Submitted to Patch by Jeffrey Gonzalez.
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Inside City Pub the waiters and bartenders go to and fro with plates in hand and, presumably, a circus of thoughts running circles in their minds.
The table at the other side of the pub is occupied by a party of rambunctious friends well into their journey towards inebriation. Another table toward the front door hosts a middle-aged couple whispering into each others ears as they smile, enjoying the atmosphere and reminiscing.
In front of the makeshift stage in the back corner is a table of women playing the girls’-night-out game, doing whatever it is girls do on those particular nights.
All of them go about their business under the cloud of music raining above them.
Redwood City’s own Hannah McDonald, 22, plays her acoustic guitar in the corner and gets divided attention from her audience. She covers hit songs in her own styling and drifts in and out of people’s minds. And right in the middle of her version of Mumford & Sons' "Little Lion Man," no one notices how she slipped the words "banana hammock" into the chorus.
Singing with her tongue in cheek, she continues playing, and everyone goes as they were, as if the music and lyrics were just white noise in the pub. It is not until she breaks out singing the Dixie Chicks that the bachelorettes finally start singing along with her.
"My friends started giving me goofy words to sneak into songs," says McDonald. "No one listens to the words anyway, so I did it."
It became a game for them - whoever hears the word gets a free beer from everyone at the table.
Playing local coffee shops and pubs like Angelica’s Bistro since high school, McDonald has learned to spice things up for herself and her friends. She plays solo, performing her own songs and acoustic renditions of popular tunes. Most of the time it is just like that - her, a guitar, and a dining audience. But sometimes, when her friends are not in the audience writing silly words for her to sing, they are next to her playing percussion or lead guitar. She openly invites her buddies to play alongside her.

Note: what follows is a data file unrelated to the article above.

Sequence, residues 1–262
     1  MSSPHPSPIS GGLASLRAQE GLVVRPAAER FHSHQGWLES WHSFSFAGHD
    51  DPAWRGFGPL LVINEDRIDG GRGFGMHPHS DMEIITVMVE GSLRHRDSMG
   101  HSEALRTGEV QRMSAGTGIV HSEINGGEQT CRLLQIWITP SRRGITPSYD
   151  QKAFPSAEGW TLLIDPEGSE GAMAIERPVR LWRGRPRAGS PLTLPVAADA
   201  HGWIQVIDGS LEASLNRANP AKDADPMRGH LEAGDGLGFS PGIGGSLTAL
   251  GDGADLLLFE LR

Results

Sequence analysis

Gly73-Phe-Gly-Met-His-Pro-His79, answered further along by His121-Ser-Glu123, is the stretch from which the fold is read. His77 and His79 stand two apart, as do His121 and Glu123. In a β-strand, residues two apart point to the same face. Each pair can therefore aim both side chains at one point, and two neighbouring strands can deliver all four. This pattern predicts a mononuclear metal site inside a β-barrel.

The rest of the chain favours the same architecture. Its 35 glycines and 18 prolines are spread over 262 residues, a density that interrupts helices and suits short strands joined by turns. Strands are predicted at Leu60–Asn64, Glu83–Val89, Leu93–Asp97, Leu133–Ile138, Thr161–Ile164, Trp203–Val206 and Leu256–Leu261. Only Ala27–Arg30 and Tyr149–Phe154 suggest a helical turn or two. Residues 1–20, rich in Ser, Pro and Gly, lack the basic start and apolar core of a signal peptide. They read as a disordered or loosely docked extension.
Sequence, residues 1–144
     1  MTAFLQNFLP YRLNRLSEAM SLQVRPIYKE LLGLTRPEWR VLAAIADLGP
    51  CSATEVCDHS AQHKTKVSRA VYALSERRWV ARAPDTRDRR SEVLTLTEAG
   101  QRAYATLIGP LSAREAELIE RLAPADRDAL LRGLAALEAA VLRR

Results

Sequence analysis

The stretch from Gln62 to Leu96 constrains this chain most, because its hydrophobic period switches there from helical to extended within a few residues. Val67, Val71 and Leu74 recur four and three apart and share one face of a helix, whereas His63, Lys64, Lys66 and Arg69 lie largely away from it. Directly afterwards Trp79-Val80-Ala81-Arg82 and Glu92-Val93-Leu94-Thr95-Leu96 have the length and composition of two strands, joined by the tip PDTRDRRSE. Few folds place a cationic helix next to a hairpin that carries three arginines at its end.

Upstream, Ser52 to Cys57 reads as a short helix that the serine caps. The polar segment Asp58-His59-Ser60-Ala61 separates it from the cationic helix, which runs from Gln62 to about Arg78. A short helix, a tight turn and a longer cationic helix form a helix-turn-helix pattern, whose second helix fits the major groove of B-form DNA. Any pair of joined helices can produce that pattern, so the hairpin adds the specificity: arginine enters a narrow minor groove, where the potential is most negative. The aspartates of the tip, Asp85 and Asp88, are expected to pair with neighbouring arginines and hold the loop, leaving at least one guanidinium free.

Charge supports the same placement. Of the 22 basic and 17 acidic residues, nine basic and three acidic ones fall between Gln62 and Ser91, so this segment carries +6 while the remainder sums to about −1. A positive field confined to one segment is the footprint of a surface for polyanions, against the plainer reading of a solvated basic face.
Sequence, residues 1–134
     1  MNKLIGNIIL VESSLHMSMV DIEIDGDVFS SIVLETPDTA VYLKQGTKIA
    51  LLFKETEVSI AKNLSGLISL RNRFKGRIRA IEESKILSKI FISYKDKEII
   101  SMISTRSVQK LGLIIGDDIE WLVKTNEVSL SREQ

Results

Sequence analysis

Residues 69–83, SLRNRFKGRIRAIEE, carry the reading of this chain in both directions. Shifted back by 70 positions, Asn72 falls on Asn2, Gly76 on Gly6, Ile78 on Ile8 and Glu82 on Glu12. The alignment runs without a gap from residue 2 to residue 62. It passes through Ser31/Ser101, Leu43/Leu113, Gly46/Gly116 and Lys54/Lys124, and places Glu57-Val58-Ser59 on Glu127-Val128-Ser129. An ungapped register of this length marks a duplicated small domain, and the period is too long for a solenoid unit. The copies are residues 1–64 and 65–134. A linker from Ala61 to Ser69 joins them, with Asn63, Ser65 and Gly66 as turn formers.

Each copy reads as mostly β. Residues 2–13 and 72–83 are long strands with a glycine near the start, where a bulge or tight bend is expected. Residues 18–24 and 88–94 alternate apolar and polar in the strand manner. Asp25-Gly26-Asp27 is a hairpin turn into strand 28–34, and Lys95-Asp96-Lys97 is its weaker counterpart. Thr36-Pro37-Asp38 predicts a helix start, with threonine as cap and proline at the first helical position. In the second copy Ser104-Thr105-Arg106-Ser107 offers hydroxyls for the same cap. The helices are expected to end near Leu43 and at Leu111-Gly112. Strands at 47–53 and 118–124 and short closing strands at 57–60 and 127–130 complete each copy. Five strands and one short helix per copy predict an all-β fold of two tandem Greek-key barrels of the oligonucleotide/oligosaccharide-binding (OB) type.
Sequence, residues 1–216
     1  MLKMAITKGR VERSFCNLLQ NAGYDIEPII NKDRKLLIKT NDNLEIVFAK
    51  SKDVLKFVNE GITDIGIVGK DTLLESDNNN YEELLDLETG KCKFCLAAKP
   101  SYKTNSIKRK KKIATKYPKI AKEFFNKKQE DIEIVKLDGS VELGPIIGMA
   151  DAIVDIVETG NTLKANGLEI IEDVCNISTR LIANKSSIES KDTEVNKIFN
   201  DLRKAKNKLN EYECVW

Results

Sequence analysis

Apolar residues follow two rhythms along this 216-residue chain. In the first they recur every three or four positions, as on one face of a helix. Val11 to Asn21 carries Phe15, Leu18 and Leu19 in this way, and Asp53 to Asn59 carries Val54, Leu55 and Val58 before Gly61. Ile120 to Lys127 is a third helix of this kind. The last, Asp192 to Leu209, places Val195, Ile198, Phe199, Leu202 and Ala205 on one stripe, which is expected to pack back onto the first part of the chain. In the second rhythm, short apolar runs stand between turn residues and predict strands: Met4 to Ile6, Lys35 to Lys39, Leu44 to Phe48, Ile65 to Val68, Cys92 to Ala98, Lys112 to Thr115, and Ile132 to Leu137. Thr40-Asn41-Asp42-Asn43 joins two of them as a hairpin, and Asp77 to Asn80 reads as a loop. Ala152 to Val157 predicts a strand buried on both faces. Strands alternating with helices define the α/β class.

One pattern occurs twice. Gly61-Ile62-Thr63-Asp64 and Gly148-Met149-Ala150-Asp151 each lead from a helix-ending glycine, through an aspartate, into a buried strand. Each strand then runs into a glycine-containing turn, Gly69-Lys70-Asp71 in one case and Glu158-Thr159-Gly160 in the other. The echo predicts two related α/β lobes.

In the spring of 2011, Mikey Klein moved to Redwood City from Arizona. One night he went to City Pub and met McDonald after one of her performances. With her open personality and her genuine interest of people, she let him into her community. The two have since become great friends and have bonded through playing music, starring in a condom commercial, and everything else in between.
"She’s awesome. I’m glad she plays at City Pub, or else I wouldn’t have met her. And she also actually introduced me to a lot of the friends I’ve made here in California," said Klein. “If you’re reading this: Hi Hannah!"
With a laugh so contagious it could start an epidemic, McDonald is constantly energizing the friends around her. Pulling buddies away from stale conversation at parties to play rowdy group games such as Spoons or Round Robin, or just asking questions at a dinner table, she leaves little room for boredom to reap. But when she is not hanging around her friends, joking or thinking out loud next to her boyfriend, Hannah is playing her guitar, singing her heart out and learning to empathize with others by singing their songs.
Blending and transitioning from song to song with her guitar the way a DJ blends tracks electronically, McDonald uses the small stages in her hometown as steam valves to relieve the pressure made from the musician inside of her. The gentle applause and din from the restaurant patrons becomes the atmosphere around her as she breathes in the sense of community she creates. Half the audience is strangers and the other half is friends, but for a sporadic few moments in the night, all of them are her listeners.
Standing in front of everyone, she sees some familiar faces - her mom and sister at the bar talking; her dad farther down the bar ordering a beer; the waitress who smiles every time they make eye contact; Mikey hitting on, and possibly creeping out, some girls by the door; and her high school friends at a table laughing at a joke that was probably only funny because they are all drunk.
“I love it when my friends come. That’s what makes it fun,” she says.
The tips people are not leaving at their tables for the waiters, find their way into a jar close to the stage. When she is all done singing, there are still two-and-a-half hours until last call. Using her tip money from the night and splitting it with anyone who played with her, she orders up some rounds for her and her friends. She goes from group to group, from friend to friend, joining in with them and catching up with everything she missed while on stage.
Talking and laughing and talking some more, her night with friends is complete. And just as no one noticed how she slipped the goofy words into her songs, in the glee of conversation no one notices how she sneaks the genuine joy of having her friends and family into her smile.
Have you ever seen Hannah McDonald perform? Tell us in the comments below.
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